I can’t imagine that I’m the only person relieved that the country’s quadrennial madness is once again in our wake and that for at least a year we can concentrate on some real issues, free from the cumbersome burdens of political expediency and candidatorial hyperbole. (OK, so maybe there’s so such word in the dictionary, but there ought to be, and besides, you know what I mean.)
What no one at the federal level wanted to talk about this past season was the precarious situation in which—lacking the “cure of the printing press” to cover shortfalls in their overstressed budgets—many of our state and local governments find themselves. Bad enough that income, sales, and property taxes have plummeted in the downturn, but such traditional cash cows as waste receipts have taken a hit as well, pushing many municipalities to or over the brink of bankruptcy.
Although it may comfort some in high places to blame poor planning and profligate fiscal behavior on the part of their predecessors, such conscience-salving does nothing to meet the growing list of crises that assail even the most prudent of public service providers…waste managers, in particular, whose fiefdom lacks the immediate concern accorded such high-profile activities as police, fire, and employee retirement fiscal demands.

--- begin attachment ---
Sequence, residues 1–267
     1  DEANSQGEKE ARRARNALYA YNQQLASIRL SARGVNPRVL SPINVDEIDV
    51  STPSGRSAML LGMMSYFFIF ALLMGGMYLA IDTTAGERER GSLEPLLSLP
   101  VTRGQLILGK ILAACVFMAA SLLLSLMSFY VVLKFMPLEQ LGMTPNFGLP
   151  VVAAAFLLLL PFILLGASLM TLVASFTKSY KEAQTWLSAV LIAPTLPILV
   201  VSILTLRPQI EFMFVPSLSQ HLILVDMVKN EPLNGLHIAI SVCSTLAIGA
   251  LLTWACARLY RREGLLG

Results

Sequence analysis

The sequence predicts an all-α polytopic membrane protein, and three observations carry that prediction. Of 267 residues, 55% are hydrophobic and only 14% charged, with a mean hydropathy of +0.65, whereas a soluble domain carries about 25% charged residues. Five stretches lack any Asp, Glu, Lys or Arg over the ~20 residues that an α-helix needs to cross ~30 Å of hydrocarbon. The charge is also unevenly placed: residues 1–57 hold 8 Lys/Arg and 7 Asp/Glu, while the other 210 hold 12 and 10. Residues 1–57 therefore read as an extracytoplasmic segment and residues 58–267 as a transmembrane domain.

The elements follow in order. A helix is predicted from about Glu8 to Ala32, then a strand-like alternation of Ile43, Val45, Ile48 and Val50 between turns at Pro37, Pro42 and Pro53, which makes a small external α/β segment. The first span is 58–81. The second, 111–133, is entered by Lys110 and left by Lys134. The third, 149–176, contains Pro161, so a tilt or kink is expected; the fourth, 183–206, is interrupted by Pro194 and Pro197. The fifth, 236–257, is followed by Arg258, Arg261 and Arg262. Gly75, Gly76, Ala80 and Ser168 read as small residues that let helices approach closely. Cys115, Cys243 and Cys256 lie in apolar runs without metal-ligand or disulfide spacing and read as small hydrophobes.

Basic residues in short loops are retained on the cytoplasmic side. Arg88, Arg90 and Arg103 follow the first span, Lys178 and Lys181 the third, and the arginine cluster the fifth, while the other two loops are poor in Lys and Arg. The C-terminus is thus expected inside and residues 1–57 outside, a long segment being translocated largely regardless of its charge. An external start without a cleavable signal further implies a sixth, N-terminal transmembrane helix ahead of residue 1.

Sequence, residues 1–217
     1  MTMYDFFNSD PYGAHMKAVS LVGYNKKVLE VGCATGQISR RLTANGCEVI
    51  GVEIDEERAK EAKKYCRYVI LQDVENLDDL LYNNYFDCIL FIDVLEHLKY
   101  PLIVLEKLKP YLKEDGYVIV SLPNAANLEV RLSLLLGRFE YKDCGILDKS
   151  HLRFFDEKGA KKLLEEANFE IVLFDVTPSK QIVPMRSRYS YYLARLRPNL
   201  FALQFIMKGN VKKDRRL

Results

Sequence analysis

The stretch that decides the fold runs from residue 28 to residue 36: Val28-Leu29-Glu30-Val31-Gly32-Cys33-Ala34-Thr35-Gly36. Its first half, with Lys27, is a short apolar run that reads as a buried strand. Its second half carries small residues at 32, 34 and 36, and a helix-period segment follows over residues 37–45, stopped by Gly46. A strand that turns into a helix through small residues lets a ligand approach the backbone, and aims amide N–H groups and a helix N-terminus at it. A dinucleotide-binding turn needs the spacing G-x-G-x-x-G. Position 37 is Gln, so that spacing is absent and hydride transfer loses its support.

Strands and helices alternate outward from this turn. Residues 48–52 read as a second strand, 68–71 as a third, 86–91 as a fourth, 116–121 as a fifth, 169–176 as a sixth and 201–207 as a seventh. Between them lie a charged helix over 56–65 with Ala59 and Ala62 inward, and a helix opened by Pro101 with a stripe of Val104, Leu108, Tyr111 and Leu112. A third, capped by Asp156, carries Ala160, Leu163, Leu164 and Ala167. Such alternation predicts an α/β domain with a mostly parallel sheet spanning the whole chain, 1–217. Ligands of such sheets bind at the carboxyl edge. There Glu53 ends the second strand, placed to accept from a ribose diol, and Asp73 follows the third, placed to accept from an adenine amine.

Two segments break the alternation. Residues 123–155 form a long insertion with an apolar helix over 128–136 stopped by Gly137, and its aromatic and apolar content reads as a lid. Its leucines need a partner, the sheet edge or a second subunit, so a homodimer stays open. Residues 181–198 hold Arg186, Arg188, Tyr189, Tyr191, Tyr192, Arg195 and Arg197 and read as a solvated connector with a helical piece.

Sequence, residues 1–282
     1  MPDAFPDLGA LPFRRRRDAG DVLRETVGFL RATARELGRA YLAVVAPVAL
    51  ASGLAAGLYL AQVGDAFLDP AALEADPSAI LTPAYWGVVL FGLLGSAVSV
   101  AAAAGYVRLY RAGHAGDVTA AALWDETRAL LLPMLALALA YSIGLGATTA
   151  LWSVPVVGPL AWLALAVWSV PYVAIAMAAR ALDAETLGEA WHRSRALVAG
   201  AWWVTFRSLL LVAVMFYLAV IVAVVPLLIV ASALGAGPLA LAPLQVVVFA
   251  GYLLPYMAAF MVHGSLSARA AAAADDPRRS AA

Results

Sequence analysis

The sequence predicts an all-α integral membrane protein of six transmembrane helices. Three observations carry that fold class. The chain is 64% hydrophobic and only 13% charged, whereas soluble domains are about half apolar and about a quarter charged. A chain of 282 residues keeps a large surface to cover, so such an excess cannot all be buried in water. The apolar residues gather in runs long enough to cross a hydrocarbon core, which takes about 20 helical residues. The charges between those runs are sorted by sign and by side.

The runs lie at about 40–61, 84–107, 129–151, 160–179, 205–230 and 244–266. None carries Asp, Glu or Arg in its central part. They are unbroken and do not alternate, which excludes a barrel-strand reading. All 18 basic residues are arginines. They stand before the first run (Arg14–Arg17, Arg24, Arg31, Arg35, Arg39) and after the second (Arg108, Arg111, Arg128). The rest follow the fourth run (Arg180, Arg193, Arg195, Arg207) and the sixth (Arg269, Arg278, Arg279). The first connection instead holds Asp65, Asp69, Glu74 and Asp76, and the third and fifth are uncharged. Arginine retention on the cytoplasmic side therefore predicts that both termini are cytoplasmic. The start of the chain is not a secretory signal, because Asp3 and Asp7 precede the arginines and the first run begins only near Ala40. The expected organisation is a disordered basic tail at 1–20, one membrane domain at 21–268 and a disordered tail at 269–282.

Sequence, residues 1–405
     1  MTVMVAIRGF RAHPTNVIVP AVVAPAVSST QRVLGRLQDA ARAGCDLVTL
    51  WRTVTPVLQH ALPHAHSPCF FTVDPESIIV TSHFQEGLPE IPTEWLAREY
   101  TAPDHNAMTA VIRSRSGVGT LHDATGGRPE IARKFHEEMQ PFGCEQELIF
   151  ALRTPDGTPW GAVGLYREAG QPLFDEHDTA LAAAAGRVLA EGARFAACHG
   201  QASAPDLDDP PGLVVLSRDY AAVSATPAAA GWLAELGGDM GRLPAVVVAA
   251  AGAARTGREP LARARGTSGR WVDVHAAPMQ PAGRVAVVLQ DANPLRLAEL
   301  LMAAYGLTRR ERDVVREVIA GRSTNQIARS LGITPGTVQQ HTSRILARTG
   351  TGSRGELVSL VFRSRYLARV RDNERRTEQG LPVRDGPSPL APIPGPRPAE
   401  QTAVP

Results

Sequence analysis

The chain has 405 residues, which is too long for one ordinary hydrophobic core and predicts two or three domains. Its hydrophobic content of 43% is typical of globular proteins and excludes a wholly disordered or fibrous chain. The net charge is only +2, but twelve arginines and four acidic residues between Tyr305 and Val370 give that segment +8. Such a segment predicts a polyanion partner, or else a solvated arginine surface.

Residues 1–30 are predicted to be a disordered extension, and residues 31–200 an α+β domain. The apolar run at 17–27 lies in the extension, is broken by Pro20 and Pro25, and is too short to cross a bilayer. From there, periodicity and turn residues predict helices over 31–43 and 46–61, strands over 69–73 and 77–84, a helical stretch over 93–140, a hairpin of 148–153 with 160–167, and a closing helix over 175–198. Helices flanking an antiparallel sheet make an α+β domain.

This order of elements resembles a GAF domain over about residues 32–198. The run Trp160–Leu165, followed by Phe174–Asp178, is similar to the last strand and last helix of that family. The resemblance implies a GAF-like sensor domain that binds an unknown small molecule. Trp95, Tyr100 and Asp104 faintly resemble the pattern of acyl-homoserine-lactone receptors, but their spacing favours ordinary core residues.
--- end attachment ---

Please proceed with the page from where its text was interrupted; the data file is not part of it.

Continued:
If you, as I do, have begun to believe that what we’ve seen over the past half-decade is only a prelude to tougher fiscal challenges to come, then it’s high time we work to change the experiment. What this suggests to me is that we, and by that I mean to include not just public works managers but those in charge of all municipal service departments, need to work in concert with one another rather than as separate budgetary entities…a rather lengthy call for municipal statesmanship by whatever name you wish to call it.
Maybe your constituents are willing to accept higher taxes and/or user fees to shore up distressed public programs, but those burdens do not exist in a vacuum. Rather, they impact the very fabric of our free enterprise system based on the ability and willingness of citizens to invest in areas of personal interest rather than paying for the ever-growing welfare of governmental agencies.